I don't know why Intel's chairman, Craig Barrett, took a cheap shot at me and my company, Cypress Semiconductor, in EE Times (see July 18, page 1), but he should have at least used a few of Intel's army of PR flacks to get his numbers straight.
Regarding Barrett's comments to the effect that Cypress was a $500 million company in 1993 when I wrote my book, No Excuses Management, and still is the same size, the facts are these: In 1993, when I wrote the book, Cypress posted $304.5 million in revenue. Last year, Cypress posted $948.4 million in revenue, which works out to a 12 percent compound growth rate from 1993 through 2004. During the same period, the Semiconductor Industry Association reported $77.3 billion total industry revenue in 1993 and $213 billion in 2004, a 10.7 percent compound growth rate.
We are proud of our entrepreneurial heritage, which has included inventing and bringing to market the mixed-signal Programmable System-on-Chip (PSoC) through our internal startup company, Cypress Microsystems in Seattle, and bringing to market the world's most efficient production silicon solar cell through SunPower Corp., another closely held startup.
Intel's success is admirable, but it shouldn't demean the success of others-especially with bogus statistics.
T.J. Rodgers, President and CEO
Cypress Semiconductor Corp., San Jose, Calif.
Digital output unnecessary for high-resolution DVD audio
I think James McPherson and the sales rep he cites in his letter (see July 4, page 30) missed something when James returned his DVD audio player because the digital outs were disabled when playing high-resolution DVD audio and SACD disks. High-resolution DVD audio/SACD players have really good D/A converters. So you should use them.
Most high-resolution systems have six analog outputs using these really good converters. The digital output is not capable of the bandwidth required for high resolution and is therefore encrypted. Use the digital output on a DVD audio/SACD player and you won't find much better quality than you would with a 5.1 surround movie. The industry's approach makes sense. On high-resolution disks, manufacturers disable the inferior digital output but allow you to listen to those great converters. The problem is, most places selling these players and disks don't understand that. I asked at a Future Shop in Canada if they could provide an SACD or DVD audio demo. They couldn't. The guy in the department didn't even know what it was, and yet he sold it.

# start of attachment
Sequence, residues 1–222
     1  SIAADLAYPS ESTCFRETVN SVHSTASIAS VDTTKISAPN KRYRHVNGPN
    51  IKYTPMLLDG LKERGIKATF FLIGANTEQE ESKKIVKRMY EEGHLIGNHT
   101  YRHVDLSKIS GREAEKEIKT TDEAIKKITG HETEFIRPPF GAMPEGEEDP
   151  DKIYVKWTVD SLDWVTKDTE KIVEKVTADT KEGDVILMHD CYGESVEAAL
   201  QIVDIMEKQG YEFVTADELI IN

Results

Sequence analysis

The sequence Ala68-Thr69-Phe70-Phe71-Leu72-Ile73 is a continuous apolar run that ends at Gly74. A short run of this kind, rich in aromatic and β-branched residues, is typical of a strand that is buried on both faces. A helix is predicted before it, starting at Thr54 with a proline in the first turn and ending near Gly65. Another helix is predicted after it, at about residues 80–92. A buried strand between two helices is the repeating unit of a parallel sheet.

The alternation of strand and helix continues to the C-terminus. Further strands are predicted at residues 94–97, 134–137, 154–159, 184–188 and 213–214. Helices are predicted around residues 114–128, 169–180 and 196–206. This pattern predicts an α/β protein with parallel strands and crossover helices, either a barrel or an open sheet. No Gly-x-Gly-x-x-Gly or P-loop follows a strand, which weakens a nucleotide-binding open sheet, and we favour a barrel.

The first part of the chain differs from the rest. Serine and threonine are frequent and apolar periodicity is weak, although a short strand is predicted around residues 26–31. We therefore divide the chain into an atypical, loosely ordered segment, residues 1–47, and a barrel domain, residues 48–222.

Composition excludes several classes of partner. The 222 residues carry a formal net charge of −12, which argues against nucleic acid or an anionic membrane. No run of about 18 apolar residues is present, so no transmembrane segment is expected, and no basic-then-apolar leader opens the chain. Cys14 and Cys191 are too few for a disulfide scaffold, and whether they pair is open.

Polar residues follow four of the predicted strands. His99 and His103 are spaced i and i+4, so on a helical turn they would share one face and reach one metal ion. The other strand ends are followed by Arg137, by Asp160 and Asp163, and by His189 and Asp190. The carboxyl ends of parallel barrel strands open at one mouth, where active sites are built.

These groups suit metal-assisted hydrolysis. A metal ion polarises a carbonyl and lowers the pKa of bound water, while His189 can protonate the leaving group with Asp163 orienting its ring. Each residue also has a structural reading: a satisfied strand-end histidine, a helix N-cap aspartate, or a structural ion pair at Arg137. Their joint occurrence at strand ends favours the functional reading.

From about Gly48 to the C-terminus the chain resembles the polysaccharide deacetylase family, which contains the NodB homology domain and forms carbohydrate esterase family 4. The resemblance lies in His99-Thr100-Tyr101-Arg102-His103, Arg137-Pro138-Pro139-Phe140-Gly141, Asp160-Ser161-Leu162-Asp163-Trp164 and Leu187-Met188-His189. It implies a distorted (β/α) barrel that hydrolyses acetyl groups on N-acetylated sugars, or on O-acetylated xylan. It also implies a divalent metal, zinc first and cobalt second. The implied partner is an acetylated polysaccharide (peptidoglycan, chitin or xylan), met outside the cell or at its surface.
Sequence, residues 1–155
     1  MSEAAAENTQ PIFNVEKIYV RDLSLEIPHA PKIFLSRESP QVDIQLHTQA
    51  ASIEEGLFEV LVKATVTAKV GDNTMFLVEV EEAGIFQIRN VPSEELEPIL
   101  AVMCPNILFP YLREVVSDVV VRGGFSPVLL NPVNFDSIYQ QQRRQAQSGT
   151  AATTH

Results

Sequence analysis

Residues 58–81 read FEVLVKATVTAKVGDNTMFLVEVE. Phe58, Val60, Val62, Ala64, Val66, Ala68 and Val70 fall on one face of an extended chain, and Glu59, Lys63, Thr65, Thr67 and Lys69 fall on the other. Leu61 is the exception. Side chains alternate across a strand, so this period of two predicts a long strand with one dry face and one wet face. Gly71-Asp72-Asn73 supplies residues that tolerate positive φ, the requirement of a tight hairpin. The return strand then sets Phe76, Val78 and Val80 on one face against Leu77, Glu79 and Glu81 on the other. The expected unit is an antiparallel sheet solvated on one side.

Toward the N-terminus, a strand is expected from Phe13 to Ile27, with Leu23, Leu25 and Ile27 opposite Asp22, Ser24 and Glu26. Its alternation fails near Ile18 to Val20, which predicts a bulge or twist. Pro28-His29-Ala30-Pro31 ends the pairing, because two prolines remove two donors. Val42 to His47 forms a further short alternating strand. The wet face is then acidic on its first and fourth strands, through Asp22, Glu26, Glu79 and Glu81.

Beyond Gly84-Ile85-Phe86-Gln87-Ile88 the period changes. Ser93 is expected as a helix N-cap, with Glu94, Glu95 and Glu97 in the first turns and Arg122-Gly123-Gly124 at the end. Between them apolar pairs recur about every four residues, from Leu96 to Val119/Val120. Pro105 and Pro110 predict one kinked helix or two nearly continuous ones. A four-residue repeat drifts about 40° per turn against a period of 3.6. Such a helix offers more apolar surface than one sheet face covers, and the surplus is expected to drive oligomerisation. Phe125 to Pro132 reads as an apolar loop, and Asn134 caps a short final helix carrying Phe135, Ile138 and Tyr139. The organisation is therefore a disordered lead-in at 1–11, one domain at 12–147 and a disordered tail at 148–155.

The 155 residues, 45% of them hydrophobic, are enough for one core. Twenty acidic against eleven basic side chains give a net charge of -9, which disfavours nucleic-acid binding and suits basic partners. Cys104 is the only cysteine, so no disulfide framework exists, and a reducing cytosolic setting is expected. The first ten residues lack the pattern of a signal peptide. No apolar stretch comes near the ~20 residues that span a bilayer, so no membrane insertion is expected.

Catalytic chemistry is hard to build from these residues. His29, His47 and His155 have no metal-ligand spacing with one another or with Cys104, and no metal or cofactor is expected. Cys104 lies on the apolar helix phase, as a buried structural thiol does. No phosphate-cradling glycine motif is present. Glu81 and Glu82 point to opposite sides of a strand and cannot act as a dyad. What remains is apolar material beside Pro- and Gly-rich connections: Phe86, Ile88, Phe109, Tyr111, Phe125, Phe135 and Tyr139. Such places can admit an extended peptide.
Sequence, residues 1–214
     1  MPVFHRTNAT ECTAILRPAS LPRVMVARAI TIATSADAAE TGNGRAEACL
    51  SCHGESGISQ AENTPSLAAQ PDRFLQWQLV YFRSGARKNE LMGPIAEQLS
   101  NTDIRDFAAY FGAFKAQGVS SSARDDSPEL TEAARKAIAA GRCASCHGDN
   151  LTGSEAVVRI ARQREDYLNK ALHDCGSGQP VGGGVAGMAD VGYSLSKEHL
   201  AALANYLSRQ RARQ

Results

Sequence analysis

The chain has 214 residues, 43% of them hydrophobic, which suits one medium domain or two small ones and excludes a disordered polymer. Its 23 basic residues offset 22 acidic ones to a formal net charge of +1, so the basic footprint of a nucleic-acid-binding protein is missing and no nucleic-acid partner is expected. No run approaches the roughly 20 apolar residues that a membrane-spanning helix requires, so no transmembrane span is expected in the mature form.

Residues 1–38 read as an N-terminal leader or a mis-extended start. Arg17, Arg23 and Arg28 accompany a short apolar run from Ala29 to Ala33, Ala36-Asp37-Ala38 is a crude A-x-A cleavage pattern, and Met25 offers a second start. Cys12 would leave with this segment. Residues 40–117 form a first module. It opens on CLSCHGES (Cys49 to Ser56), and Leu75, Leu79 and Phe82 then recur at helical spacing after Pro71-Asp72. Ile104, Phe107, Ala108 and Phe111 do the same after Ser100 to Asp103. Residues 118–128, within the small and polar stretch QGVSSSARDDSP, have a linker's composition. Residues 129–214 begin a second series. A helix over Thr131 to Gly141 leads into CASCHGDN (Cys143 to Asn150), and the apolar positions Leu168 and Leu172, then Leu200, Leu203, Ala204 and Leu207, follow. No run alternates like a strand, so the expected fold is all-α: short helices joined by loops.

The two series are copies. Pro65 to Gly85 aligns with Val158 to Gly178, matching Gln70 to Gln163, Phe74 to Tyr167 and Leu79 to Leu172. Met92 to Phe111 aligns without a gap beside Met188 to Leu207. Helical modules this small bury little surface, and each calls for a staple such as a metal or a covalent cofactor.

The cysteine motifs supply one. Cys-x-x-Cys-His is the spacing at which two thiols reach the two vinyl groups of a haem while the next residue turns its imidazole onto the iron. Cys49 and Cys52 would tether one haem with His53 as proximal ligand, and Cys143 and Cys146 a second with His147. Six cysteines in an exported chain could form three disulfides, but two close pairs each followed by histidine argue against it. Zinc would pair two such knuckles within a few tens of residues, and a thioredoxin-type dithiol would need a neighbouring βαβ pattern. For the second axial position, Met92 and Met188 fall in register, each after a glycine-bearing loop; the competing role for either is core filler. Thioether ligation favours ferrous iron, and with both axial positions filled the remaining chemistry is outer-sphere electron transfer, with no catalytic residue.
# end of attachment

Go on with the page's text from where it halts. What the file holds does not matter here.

It's possible to get really high-quality receivers these days inexpensively on eBay that were made before receivers with digital inputs. Most people believe they need digital inputs to achieve the best quality, when you really need 5.1 analog inputs and a DVD audio/SACD player with 5.1 analog outputs.
Victoria, British Columbia
Broadband-over-power lines could interfere with radios
Your write-up on broadband-over-power lines (see July 25, page 26) fails to even mention the negative side of BPL: its tremendous pollution potential across the HF and VHF spectrum.
Many companies see profits from BPL without considering its demonstrated significant interference. EE Times should try to present a balanced view. After all, many of your readers are also hams, who will be severely impacted if BPL is widely implemented in its present form.
Robert S. Duggan Jr.
Electronics Engineer (retired)
Your article on broadband-over-power lines was very interesting. However, you left out a very important item.
BPL is a terrible cause of radio interference. It not only kills public emergency communication and amateur radio operation, but it is license-free and the Federal Communications Commission chose to be very lax in proper maintenance of its operation.
This should be brought to the attention of the public.
Murray Hill, N.J.